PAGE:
Norman MacCaig

Juliet Linden Bicket (University of Glasgow)
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Norman MacCaig is best known as a poet associated with the twentieth century Scottish Literary Renaissance. Unlike his friend and contemporary Hugh MacDiarmid, MacCaig’s nationalism was not expressed through the use of Scots as a poetic medium; but though his poetry is in English, he often wrote about the Scottish landscape he loved best, including Assynt in Sutherland, and of his hometown of Edinburgh, as well as poetry inspired by travelling in Europe and North America. His poetic voice is distinctively his own, often characterised by compassion for and a love of the natural world, and also by concision, wit, and a marked influence from his Classical education.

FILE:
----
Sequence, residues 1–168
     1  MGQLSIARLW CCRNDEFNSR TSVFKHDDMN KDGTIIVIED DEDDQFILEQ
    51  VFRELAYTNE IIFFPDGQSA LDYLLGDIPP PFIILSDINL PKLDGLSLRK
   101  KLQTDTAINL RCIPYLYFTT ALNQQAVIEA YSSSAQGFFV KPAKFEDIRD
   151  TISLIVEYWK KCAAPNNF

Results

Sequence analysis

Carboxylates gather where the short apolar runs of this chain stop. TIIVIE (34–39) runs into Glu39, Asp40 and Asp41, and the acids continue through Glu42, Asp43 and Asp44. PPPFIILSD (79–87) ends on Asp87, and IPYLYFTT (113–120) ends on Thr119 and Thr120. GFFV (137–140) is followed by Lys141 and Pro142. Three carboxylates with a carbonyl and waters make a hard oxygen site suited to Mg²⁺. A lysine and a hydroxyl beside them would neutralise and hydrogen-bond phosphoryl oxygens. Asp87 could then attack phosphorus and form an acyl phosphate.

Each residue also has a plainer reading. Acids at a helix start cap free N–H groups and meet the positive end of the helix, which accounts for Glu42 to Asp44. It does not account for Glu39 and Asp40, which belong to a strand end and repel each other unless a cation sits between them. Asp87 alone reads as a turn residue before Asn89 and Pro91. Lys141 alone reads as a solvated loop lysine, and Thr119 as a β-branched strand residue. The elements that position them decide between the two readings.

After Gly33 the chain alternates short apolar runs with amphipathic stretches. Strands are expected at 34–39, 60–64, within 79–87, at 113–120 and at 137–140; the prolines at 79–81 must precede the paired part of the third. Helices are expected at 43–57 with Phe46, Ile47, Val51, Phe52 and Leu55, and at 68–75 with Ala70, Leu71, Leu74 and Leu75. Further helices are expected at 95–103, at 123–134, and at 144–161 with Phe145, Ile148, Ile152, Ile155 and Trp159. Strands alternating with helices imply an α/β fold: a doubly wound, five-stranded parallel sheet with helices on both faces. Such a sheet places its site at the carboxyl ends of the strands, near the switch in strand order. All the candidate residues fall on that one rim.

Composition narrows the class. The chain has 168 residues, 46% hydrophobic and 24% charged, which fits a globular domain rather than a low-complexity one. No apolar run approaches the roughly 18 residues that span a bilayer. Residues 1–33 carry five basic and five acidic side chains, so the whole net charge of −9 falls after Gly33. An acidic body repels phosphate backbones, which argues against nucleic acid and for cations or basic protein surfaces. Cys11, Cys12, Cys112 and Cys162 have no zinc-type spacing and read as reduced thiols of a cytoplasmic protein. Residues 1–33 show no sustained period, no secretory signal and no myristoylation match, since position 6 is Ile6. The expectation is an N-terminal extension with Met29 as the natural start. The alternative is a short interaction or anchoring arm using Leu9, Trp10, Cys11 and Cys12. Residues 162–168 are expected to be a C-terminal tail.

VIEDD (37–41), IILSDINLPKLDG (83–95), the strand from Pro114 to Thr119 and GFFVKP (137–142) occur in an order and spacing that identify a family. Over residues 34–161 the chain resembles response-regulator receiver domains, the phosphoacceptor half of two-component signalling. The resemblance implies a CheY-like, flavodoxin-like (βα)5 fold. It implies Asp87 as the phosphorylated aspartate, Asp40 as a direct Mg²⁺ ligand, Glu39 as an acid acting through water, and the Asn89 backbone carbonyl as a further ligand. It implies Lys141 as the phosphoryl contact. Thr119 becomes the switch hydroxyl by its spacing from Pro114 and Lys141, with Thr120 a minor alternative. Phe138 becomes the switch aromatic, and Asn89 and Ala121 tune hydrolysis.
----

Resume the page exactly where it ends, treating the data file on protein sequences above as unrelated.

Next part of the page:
Norman Alexander MacCaig was born on 14th November 1910, in Edinburgh. He was the youngest of four children (his sisters were

2339 words

Citation: Bicket, Juliet Linden. "Norman MacCaig". The Literary Encyclopedia. First published 03 June 2009 [https://www.litencyc.com/php/speople.php?rec=true&UID=2841, accessed 15 June 2024.]

2841 Norman MacCaig 1 Historical context notes are intended to give basic and preliminary information on a topic. In some cases they will be expanded into longer entries as the Literary Encyclopedia evolves.

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